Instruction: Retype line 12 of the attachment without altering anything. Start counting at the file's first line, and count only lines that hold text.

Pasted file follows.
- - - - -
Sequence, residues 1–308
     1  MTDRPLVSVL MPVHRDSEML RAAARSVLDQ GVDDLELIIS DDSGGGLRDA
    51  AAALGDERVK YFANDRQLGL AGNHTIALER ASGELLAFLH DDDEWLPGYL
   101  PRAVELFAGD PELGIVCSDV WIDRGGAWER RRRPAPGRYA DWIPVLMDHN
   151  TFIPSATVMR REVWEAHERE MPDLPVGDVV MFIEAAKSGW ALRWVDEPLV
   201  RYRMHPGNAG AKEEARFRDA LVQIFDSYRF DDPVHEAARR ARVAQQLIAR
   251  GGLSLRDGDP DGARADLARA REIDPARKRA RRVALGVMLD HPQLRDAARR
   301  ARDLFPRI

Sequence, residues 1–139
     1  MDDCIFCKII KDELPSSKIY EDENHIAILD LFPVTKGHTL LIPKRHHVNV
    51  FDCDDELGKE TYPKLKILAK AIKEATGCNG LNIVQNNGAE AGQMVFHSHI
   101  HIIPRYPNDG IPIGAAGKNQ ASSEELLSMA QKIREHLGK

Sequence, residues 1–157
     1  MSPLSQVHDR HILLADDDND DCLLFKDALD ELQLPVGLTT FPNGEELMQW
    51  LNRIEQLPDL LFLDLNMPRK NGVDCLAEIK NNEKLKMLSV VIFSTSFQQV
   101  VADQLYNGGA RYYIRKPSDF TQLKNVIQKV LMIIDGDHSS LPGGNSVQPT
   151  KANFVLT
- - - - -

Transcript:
   101  HIIPRYPNDG IPIGAAGKNQ ASSEELLSMA QKIREHLGK